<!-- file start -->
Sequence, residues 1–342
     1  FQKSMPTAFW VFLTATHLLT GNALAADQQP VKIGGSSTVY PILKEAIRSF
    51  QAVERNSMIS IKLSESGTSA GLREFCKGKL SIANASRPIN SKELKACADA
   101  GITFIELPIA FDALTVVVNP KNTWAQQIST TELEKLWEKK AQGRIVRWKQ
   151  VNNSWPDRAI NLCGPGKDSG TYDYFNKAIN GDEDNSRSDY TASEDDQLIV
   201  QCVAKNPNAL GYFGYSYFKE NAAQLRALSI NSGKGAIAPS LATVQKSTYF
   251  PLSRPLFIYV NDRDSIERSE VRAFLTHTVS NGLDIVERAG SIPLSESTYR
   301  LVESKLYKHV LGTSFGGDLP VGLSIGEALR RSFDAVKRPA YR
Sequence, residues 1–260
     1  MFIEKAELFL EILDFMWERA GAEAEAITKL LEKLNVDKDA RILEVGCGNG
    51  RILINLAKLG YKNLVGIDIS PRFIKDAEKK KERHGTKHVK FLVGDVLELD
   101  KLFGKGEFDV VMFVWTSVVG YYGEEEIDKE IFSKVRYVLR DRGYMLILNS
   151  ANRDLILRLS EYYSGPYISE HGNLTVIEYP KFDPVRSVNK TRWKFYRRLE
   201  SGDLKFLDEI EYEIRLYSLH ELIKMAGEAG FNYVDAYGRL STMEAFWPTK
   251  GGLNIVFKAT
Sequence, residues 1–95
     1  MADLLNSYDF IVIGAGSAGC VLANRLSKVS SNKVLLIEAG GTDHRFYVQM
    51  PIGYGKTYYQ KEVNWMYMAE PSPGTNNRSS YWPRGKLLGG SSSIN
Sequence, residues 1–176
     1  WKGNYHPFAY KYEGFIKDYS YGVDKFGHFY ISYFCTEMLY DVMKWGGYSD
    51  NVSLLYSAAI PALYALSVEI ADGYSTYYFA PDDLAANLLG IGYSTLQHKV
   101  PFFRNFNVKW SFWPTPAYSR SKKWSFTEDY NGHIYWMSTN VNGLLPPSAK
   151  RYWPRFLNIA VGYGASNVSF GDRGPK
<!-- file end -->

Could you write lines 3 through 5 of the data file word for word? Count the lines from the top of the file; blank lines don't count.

    51  QAVERNSMIS IKLSESGTSA GLREFCKGKL SIANASRPIN SKELKACADA
   101  GITFIELPIA FDALTVVVNP KNTWAQQIST TELEKLWEKK AQGRIVRWKQ
   151  VNNSWPDRAI NLCGPGKDSG TYDYFNKAIN GDEDNSRSDY TASEDDQLIV